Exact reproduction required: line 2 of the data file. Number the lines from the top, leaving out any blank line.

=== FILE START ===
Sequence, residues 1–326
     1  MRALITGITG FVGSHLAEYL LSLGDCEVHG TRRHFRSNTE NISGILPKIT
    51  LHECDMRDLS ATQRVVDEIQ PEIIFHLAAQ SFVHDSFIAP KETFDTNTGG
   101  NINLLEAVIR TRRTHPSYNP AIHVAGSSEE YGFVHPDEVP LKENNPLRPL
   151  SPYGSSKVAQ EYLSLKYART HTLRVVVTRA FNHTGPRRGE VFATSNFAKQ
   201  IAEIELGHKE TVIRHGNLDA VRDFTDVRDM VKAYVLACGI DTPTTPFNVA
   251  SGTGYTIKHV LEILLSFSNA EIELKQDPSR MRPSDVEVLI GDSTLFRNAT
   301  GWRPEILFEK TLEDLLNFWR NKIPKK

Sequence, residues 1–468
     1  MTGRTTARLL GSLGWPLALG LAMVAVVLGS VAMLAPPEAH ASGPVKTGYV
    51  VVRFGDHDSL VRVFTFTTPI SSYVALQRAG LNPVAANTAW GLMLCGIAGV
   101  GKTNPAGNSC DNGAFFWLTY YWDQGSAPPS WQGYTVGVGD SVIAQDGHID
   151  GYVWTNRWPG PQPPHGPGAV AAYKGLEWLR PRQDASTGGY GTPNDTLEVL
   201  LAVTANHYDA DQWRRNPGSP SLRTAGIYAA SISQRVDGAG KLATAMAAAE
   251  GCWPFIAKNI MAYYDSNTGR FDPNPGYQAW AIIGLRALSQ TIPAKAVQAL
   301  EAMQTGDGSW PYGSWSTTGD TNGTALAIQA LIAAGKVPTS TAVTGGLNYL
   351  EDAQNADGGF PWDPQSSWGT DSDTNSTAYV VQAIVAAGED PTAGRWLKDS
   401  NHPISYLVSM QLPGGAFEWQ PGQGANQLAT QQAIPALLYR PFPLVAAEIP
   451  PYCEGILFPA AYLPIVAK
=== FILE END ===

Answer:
     1  MRALITGITG FVGSHLAEYL LSLGDCEVHG TRRHFRSNTE NISGILPKIT